Jaws dropped all over Europe when the news came through that Lyon had seen off Real Madrid at the Bernabeu, qualifying for the quarter-finals of the Champions League and at the same time dumping out Europe’s richest club in the round of 16.

But should we really have been all that surprised? Sergio Ramos may have been happy to claim, “We’re going to win 3-0 and the fans are going to enjoy watching” before the match. But he would have done well to do his homework properly before shouting his mouth off.

Firstly, Real had failed to qualify for the quarters of Europe’s most prestigious club tournament in any of the previous five campaigns. And perhaps more importantly, in the previous five Champions League encounters between Lyon and Real the French club has never lost against its far more illustrious neighbours.

Their record before pulling off this memorable 1-1 draw at the Bernabeu on Wednesday March 10 stood at three victories and two draws. Miralem Pjanic’s smartly-taken goal 15 minutes from time cancelled out Cristiano Ronaldo’s opening strike on six minutes and restored the overall advantage that Lyon had carved out in the first leg thanks to Jean Il Makoun’s goal in that 1-0 win.

In the end Lyon’s progress to the quarters was thoroughly merited. Over the course of the two legs Claude Puel’s side – assembled at a cost of some 70 million euros in comparison to a figure of 250 euros million spent by Madrid Chairman Florentino Perez – snuffed out the Real threat and could have inflicted even more pain on Manuel Pellegrini’s side had Lisandro Lopez and Cesar Delgado buried two gilt-edged chances at the end of the contest. Not that Lyon will be complaining. Especially not coach Puel, who proved his worth with a tactical reshuffle at half time that completely transformed the match.

Lyon had suffered badly in the first period, managing a paltry 35 per cent of the possession and completing just 58 per cent of their passes. With just one shot attempted in comparison to Real’s nine, drastic action was needed and Puel didn’t shirk the challenge. When Boumsong and Makoun were both forced to withdraw with injuries after 45 minutes the often-criticised Lyon boss was decisive, moving Toulalan back into a central defensive role, bringing on two combative midfielders in Kallstrom and Gonalons to cut off Real’s supply lines and pushing Pjanic into the hole to halt Lisandro’s isolation up front.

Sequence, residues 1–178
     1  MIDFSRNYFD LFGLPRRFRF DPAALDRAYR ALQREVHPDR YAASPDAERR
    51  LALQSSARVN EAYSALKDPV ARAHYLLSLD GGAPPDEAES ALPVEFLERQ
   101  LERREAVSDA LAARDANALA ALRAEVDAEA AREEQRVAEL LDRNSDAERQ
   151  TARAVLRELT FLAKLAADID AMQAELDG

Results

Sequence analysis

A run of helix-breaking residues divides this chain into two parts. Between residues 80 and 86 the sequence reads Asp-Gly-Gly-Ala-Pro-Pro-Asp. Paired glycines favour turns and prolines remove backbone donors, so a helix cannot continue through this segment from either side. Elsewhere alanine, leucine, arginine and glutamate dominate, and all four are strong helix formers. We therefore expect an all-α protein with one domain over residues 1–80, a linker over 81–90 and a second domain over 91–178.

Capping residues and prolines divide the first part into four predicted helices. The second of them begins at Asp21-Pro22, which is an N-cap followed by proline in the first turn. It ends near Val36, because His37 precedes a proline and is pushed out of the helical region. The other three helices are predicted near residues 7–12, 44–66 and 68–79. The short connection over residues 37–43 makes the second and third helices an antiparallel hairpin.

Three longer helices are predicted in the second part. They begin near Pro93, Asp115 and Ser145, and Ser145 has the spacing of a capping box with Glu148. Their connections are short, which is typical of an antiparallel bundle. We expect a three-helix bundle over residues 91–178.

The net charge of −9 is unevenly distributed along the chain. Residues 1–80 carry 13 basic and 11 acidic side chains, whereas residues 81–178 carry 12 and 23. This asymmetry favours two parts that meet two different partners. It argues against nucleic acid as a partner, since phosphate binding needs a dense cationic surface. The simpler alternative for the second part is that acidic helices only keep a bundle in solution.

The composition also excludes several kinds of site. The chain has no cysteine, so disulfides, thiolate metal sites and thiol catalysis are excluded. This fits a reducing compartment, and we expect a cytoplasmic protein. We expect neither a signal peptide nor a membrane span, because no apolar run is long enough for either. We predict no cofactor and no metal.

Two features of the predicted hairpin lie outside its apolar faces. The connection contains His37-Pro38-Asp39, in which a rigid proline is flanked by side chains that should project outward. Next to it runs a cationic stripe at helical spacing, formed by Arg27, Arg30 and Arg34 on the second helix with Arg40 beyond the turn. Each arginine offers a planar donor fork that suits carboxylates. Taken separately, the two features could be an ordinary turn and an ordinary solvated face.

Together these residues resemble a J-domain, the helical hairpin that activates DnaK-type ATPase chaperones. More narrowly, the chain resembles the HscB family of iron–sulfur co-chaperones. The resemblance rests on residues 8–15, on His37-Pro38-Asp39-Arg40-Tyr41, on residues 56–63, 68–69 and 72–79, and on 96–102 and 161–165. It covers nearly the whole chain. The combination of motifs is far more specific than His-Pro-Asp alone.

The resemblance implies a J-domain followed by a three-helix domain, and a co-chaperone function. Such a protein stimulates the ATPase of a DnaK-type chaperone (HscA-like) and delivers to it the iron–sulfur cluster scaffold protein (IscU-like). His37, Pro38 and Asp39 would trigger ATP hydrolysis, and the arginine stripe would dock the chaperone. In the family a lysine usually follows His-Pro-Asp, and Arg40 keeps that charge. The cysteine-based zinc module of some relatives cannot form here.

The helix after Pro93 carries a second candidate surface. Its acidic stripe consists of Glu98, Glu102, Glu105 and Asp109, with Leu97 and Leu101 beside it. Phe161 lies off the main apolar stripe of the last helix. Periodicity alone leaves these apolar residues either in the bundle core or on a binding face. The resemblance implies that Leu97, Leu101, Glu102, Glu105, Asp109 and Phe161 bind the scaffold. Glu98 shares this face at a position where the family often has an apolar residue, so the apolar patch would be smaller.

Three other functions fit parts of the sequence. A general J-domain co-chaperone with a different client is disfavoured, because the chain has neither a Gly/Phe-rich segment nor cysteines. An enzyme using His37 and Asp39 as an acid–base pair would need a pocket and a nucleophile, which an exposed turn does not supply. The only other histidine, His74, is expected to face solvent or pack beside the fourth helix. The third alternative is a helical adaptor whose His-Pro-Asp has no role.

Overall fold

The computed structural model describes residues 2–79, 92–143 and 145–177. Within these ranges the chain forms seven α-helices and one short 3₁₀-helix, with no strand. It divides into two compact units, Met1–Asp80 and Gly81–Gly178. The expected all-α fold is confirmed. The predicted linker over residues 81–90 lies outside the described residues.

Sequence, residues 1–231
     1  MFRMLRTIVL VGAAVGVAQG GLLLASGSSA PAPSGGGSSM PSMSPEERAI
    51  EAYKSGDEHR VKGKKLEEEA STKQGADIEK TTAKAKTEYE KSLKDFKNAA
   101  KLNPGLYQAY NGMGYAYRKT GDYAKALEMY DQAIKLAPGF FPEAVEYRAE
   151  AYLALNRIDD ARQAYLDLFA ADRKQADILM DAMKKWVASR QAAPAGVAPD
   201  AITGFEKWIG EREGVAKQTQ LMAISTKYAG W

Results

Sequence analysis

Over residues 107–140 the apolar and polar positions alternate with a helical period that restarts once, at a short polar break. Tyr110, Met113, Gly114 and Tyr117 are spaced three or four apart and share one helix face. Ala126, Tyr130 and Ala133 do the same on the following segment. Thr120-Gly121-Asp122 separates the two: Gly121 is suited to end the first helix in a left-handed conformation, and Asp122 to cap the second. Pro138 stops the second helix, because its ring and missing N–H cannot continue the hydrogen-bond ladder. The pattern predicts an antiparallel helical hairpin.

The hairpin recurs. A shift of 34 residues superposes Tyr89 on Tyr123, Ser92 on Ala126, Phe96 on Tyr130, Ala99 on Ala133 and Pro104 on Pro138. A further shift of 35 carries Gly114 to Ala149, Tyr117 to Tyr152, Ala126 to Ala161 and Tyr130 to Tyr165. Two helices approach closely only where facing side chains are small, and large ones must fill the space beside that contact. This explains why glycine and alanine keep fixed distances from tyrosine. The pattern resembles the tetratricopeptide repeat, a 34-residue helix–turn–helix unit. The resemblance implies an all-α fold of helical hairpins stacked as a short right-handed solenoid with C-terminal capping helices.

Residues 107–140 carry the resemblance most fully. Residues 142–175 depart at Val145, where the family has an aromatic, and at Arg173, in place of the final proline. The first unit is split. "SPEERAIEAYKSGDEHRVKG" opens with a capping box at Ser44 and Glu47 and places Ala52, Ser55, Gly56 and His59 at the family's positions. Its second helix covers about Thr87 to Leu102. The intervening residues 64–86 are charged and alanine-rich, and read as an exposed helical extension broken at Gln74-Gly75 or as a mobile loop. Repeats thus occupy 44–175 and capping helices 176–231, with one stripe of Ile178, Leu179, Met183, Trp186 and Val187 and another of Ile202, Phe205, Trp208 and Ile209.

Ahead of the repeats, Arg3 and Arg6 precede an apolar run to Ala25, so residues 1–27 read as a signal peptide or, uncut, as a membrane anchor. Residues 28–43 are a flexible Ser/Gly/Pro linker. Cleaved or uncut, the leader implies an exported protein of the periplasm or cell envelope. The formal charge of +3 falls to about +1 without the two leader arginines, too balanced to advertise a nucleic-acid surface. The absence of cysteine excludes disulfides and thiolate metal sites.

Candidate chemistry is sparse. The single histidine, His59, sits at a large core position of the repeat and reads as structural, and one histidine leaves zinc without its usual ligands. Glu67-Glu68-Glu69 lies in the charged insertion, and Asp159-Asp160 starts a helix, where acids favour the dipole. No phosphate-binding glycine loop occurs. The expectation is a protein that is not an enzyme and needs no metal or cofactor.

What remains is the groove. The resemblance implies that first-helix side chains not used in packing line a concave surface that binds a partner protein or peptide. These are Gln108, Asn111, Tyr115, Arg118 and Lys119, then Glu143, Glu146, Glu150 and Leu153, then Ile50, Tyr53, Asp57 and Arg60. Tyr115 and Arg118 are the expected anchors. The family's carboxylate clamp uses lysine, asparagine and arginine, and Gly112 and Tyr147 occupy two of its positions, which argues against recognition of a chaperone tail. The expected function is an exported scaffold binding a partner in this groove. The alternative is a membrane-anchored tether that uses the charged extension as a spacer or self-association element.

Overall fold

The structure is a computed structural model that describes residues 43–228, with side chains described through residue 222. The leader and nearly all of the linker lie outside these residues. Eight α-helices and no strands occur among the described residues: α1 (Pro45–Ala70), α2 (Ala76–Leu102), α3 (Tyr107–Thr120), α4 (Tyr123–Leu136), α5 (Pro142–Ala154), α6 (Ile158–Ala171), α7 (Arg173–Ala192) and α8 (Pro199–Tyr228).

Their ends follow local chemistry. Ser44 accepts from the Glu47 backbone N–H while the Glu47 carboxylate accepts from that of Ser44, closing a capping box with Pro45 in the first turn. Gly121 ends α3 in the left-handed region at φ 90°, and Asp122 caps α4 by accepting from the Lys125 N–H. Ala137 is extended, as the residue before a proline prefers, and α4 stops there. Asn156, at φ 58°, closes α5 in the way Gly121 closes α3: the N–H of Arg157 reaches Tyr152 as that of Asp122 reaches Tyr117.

The plan worked to perfection and the second period saw the visiting team assume control of the game and grab their just rewards thanks to Pjanic’s strike. After the game the Bosnian was quick to point out how the Real players’ pre-match comments had motivated Lyon.

“We read a lot of stuff from the Real players in the press beforehand that really annoyed us,” explained the 19 year old after the game. “They lacked respect.”

It’s not been the easiest of seasons for Lyon. Just three months ago they slipped to ninth place in their domestic league, eight points behind leaders Bordeaux, and all the talk was of a major crisis at the club as Puel’s side leaked goals. But some good old-fashioned hard work has seen Lyon haul themselves back into contention for the Ligue 1 title.

Just four points separated them from leaders Bordeaux at the time of the Bernabeu extravaganza and OL is the only club in the French top flight to remain unbeaten since the traditional winter break. Much of the praise for this turnaround in fortunes must go to Puel, a man who isn’t easy to love with his rather dour demeanour, but whose hard work, tactical nous and desire for hard work has paid dividends. But let’s not forget garrulous President Jean-Michel Aulas either. Aulas has been steadfast in his support of Puel and his faith in the coach is certainly paying off handsomely now. “Now we have a match that we can use as a reference,” he said. “The final? Why not?”

Why not? Well, Lyon have never made it past the quarter-final stage in the Champions League, so if history provides us with any indication then it will be tough. And looking at the quality of opposition at this stage of the competition, the Manchester Uniteds, Bayern Munichs, Arsenals and Inter Milans of this world, then you’d have to say that Lyon won’t be favourites to progress to the semis.

But after knocking out one of Europe’s giants for the first time in their history, who’s to say that the French outfit can’t go all the way and give themselves another chance to shine at the Bernabeu – in the final itself on May 22?